Ocean News

Swine flu vaccine fuels commercial shark fisheries

31st December 2009

An interesting article from National Geographic highlights a surprising yet substantial source of demand for shark products: the manufacture of vaccines, in particular those used against swine flu. Shark livers have high concentrations of an organic compound called squalene, which happens to be an effective immunologic adjuvant. Adjuvants stimulate the immune system to increase the response to a vaccine, meaning that less of the vaccine’s active component is required in order for it to prove effective. Consequently the use of adjuvants is recommended by the World Health Organisation, and they are primarily harvested from commercially fished shark species, including those listed as vulnerable to extinction by the IUCN Red List.

One pharmaceutical company (GlaxoSmithKline) has taken orders for 440 million doses of the swine flu vaccine, which is estimated to require in excess of 4 tonnes of shark liver oil. A GSK spokesperson revealed that the company accounts for approximately 10% of their supplier’s total output, emphasising the considerable quantities of shark liver oil being traded and devastating impact this could be having on shark populations. Squalene tends to be predominantly sourced from deepwater sharks via bottom trawling, which itself is a highly destructive fishing practice. As with most sharks, deepwater sharks tend to be slow maturing and produce few young infrequently, making them susceptible to dramatic population declines from only moderate fishing pressure.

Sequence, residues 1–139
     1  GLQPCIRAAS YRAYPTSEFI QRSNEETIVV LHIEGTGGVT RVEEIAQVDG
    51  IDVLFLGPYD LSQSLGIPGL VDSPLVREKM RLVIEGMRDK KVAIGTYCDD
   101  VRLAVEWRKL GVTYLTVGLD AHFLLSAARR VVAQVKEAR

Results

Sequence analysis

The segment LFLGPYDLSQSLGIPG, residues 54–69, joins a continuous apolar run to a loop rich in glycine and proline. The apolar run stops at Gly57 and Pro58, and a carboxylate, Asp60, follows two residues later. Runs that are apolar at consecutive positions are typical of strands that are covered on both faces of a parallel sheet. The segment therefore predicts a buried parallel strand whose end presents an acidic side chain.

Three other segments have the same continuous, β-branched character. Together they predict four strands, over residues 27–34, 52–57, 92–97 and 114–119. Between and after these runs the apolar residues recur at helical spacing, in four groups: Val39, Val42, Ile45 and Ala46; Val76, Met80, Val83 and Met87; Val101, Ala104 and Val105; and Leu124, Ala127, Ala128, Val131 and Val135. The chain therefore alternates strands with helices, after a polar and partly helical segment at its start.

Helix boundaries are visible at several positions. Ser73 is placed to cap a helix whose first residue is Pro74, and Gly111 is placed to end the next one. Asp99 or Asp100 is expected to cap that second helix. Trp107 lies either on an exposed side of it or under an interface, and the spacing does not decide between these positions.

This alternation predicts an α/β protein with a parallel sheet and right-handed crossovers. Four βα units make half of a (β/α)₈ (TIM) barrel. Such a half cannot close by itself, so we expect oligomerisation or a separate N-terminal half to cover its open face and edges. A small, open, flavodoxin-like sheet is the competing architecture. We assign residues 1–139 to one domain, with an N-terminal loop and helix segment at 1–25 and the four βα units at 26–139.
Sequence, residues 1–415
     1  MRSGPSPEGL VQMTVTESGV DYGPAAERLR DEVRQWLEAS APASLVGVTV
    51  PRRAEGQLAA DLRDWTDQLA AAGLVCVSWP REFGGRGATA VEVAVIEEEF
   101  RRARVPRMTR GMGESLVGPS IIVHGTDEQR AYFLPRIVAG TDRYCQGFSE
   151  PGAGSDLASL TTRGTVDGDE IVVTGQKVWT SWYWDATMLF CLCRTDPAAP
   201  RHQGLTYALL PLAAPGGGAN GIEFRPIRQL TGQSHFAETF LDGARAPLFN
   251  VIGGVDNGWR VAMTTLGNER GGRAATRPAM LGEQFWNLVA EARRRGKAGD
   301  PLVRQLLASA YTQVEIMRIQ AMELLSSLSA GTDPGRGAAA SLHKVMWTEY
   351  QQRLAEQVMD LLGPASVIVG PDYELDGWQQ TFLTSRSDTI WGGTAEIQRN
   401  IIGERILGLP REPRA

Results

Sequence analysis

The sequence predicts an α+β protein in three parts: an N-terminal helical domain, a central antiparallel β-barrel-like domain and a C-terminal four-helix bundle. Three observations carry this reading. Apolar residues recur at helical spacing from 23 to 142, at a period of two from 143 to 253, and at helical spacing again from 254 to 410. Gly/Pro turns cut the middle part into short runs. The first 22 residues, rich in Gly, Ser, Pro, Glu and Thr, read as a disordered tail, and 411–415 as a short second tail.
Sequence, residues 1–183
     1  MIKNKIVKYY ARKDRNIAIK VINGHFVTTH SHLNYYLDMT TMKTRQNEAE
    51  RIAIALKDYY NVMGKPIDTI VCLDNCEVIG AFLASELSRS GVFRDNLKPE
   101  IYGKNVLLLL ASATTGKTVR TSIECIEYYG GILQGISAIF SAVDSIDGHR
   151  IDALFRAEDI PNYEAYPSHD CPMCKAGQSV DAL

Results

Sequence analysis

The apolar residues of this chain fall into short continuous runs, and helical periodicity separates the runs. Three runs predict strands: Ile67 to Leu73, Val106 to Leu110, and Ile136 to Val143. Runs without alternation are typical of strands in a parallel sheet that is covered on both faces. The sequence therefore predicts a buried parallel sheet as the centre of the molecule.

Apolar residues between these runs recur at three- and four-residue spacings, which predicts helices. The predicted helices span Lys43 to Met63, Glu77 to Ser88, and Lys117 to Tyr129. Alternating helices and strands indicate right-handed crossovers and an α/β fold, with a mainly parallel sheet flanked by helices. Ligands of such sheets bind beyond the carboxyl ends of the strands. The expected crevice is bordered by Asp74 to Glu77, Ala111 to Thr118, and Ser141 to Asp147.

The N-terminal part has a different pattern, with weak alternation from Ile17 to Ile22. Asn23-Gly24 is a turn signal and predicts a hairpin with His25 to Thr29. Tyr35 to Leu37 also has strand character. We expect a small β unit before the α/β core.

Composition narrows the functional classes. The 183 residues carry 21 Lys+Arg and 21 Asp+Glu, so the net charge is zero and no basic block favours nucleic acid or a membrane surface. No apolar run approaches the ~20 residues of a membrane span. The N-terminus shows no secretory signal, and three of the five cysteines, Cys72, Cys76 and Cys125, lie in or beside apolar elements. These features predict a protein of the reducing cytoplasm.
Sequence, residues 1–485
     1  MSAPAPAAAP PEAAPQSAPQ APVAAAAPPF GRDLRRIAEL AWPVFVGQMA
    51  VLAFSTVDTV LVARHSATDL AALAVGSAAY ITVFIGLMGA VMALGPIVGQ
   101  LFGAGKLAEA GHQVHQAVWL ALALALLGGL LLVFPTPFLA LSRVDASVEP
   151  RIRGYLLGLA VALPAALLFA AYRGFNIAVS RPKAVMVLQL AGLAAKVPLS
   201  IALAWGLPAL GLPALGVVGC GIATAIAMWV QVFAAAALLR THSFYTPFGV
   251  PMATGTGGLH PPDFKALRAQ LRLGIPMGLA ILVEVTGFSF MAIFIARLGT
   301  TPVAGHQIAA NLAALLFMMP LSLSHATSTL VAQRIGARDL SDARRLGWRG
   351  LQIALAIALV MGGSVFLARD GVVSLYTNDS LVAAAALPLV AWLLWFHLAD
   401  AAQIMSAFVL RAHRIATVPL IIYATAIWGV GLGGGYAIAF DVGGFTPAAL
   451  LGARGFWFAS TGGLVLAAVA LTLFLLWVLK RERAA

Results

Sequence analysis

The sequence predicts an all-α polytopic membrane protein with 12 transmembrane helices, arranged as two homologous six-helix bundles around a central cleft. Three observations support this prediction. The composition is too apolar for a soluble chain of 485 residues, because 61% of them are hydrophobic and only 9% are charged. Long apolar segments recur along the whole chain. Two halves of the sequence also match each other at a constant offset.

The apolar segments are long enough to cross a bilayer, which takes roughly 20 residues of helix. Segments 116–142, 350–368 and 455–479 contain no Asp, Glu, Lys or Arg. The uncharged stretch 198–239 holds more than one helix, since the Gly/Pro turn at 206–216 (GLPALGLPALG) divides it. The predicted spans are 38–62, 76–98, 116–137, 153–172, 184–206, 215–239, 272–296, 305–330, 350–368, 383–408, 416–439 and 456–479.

There are alternatives to shark-derived squalene, however, which can be extracted from vegetable sources instead, including olive oil. Whilst many cosmetic companies have switched to using plant-derived squalene, there is not yet a viable shark-squalene alternative for the manufacture of adjuvants, according to GSK.

The use of shark squalene as an immunologic adjuvant is another example of how shark species can benefit human health as well as the balanced functionality of marine ecosystems, but further highlights the urgent need for shark populations to be managed sustainably: their overexploitation to meet high demand can lead to irreversible population declines that in turn may severely detriment human health.